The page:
Brown, Reed, Merkley Urge Fed to Strengthen, Finish Rules to Curb Wall Street Commodity Ownership
WASHINGTON, D.C. – Today, U.S. Sens. Sherrod Brown (D-OH), Jack Reed (D-RI), and Jeff Merkley (D-OR) urged the Federal Reserve to strengthen and complete its proposed rules to curb Wall Street banks’ ownership of physical commodities, such as oil, coal, and metals. Brown, the ranking member of the Senate Banking Committee; Reed, a senior member of the Banking panel; and Merkley outlined their concerns in a letter to Fed Chair Janet Yellen.
The Senators commended the Fed’s work on the proposed rules, and for calling on Congress to limit Wall Street’s investments in merchant banking and physical holdings. The long-awaited rules, which the Fed proposed in September, would require banks involved in physical commodity activities to boost capital to cover the risks of such investments. Banks would face tighter limits on trading in these markets, and could no longer engage in the business of running power plants. In addition, banks would be prohibited from owning and storing copper.
In their letter, the Senators said many of the changes outlined in the Fed’s rules are “welcome and overdue.” They also questioned claims from the rules’ opponents who have suggested that banks’ activities in physical commodities have never posed risks to the financial system as a whole. The Senators noted that in the run-up to the 2008 financial crisis, many regulators and policymakers ignored warnings from academics and community groups about the dangers of unfettered derivatives and subprime lending.
“[T]his argument ignores the important lesson from recent history that we should not wait for crises to metastasize before taking action to address their potential consequences,” the Senators wrote. “Failing to learn from our past shortcomings will almost certainly ensure that we repeat them, potentially with disastrous consequences… By trading commodities, [financial holding companies] expose themselves to financial, legal, and reputational risk that may be difficult to fully understand, appreciate, and ultimately value, which in turn creates safety and soundness concerns.”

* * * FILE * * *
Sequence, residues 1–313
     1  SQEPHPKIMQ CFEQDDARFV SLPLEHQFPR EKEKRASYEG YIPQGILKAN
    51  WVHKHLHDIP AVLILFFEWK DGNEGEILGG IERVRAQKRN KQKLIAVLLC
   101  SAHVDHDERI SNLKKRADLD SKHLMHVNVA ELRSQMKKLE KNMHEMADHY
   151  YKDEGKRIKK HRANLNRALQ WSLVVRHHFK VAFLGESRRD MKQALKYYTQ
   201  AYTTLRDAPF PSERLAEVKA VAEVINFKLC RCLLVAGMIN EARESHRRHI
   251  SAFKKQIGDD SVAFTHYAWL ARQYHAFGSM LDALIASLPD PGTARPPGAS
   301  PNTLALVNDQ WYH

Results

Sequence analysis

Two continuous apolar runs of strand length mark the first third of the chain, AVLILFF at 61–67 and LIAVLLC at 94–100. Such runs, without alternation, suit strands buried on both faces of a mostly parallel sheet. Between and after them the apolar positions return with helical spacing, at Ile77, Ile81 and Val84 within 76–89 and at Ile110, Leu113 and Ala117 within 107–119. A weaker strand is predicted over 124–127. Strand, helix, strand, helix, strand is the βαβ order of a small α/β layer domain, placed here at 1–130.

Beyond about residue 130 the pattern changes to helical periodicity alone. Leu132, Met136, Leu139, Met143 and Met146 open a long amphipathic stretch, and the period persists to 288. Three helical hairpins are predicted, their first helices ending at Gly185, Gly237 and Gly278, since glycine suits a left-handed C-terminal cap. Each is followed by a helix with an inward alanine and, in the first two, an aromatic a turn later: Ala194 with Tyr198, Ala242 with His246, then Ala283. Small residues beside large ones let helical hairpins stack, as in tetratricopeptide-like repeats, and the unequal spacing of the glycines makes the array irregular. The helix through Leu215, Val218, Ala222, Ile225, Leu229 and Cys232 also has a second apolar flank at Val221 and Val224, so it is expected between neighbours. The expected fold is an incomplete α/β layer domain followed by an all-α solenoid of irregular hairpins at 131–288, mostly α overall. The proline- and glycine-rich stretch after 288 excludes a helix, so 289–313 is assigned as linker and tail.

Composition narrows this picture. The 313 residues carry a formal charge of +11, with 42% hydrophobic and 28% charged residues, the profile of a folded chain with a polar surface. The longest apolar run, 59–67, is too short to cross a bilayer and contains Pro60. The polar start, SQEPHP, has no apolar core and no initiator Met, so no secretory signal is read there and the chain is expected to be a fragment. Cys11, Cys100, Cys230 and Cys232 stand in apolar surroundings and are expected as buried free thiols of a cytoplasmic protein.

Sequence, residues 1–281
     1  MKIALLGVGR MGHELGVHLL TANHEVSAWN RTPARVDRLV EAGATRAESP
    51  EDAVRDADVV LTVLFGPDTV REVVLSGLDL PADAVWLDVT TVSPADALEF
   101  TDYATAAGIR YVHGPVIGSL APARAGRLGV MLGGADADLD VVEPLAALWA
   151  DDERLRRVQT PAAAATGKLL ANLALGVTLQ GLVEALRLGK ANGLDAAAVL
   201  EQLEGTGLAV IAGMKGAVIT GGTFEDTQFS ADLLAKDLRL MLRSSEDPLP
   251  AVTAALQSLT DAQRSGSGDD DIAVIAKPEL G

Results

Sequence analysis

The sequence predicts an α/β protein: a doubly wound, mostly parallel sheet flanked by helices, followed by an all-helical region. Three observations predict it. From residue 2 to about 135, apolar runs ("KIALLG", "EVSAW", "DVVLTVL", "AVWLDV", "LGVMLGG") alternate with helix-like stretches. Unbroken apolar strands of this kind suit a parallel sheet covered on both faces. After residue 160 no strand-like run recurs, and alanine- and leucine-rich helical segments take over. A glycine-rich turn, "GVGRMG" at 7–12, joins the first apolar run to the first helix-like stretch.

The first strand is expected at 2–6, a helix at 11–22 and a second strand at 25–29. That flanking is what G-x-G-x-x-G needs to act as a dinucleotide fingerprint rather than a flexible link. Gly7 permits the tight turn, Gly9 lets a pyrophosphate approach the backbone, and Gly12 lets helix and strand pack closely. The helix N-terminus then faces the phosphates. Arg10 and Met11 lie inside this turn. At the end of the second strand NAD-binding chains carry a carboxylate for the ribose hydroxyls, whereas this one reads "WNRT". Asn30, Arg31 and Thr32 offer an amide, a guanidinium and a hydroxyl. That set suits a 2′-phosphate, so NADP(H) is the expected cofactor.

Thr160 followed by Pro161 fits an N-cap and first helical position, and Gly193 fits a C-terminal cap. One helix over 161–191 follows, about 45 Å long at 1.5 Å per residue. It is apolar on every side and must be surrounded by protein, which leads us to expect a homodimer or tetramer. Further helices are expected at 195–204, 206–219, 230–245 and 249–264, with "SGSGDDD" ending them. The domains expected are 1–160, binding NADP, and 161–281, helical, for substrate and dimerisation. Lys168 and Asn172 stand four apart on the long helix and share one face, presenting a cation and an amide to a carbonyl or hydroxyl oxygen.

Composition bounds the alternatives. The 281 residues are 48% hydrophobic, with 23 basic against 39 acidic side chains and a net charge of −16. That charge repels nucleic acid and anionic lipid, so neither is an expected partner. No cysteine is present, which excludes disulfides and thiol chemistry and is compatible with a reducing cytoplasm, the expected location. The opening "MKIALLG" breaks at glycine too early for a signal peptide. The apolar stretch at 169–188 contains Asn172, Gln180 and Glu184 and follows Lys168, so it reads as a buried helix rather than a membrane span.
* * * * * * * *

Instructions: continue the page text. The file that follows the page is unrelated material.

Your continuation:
The Senators outlined a series of ways for the Fed to improve the rules:
- Expand the scope of physical commodities covered under the rules to account for additional liability concerns such as the environmental impact and human rights consequences stemming from displacement caused by mining, extraction, and other activity.
- Revise the proposed capital rules to address the risks associated with commodity financing.
- Narrow the scope of physical holdings that were protected by grandfathering that allow two banks to have more flexibility than most banks.
- Expand the limits on merchant banking.
- Require more comprehensive disclosure of banks’ activities in physical commodities, such as information about how the institutions manage and analyze risk.
The Senators also emphasized their support for the Fed’s proposals to rescind the orders allowing banks to provide energy management and tolling services, and remove copper from the list of approved precious metals.
Owning and storing physical commodities, such as aluminum in bank-owned warehouses or oil in storage tankers, provides banks with opportunities to effectively drive up the cost of everyday commodities and products, including gasoline, canned soft drinks and beer, and electricity. Brown led hearings to shine a spotlight on this issue in 2013 and 2014. After years of assurances and delays, the Fed proposed the long-awaited rules in September.
The Fed's call for Congress to bar merchant banking and curb big banks' ownership of grandfathered physical holdings were part of recommendations it proposed with other U.S. financial regulators in September. Their report was required by the 2010 Dodd-Frank Wall Street Reform and Consumer Protection Act.
The full text of the letter is available here.
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